Components such as connectors, switches, buttons and indicator lights can be installed on the top piece. This panel can be customized with openings to match the components you need in your application.

assembled components 800

When you're ready with your own enclosure design, why not upload it to our quoting system for instant pricing and online ordering?

highAngle 800

There are a variety of construction techniques for use with waterjet or laser cut parts. We have profiled a few of them elsewhere on the website.

This new construction technique was suggested to us by a customer. It's a sort of hybrid between the tab and slot and the long bolt techniques.

split 800

We've made the pieces in acrylic here so you can see how it all fits together.

Here's how this as yet unnamed technique works. One piece is placed perpendicularly to two pieces whose faces run in parallel. The perpendicular piece has tabs which match slots on the other two pieces. Unlike in the t-nut technique, the perpendicular member is not bolted to the other two pieces. It is instead held in place by compression. The two parallel pieces provide the compression by being held together with long bolts.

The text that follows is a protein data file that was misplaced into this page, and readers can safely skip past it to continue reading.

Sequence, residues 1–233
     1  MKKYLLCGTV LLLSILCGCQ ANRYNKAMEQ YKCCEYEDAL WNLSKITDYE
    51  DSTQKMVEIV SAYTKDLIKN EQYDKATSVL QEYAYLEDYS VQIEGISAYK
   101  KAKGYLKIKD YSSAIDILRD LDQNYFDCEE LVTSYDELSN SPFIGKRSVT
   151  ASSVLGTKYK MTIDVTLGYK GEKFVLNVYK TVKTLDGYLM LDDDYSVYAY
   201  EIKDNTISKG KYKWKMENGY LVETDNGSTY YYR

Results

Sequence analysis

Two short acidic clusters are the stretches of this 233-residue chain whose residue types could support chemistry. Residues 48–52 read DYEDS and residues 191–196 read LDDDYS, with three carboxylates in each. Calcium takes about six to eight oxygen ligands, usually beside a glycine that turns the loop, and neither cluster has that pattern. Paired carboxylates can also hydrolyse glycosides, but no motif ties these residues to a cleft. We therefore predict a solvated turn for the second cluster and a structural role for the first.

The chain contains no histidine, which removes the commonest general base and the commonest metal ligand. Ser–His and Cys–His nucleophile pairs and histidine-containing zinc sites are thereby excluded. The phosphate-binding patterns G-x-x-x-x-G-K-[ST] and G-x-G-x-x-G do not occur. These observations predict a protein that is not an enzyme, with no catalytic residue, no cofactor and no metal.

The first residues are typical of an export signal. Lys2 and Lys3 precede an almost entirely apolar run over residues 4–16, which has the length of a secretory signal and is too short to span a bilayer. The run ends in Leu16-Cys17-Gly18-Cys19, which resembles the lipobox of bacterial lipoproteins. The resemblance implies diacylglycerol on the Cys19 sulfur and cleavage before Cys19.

mediumAngle 800

This technique lets you use larger bolts than tab and slot for greater strength. The tabbed piece is also free to have other features on it without you having to worry about the location of the fasteners.

lowAngle 800

We don't have a name for this construction technique yet. I feel it's very useful to give these things a name so we have a convenient shorthand to refer to when building this way. Any suggestions for a name? Let me know.


11695795 1463684873952951 1578145155291573139 n

We recently got the following message from Aptyx Designs, currently the #3 seed and a semi-finalist in this season's BattleBots.

Want to see how our frame was built? We designed all of our aluminum unibody frame to be waterjet cut by Big Blue Saw! The frame is all 1/4", 3/8", and 1/2" 6061 aluminum plate. By designing the parts with interlocking puzzle tabs, there is a strong mechanical joint even before welding!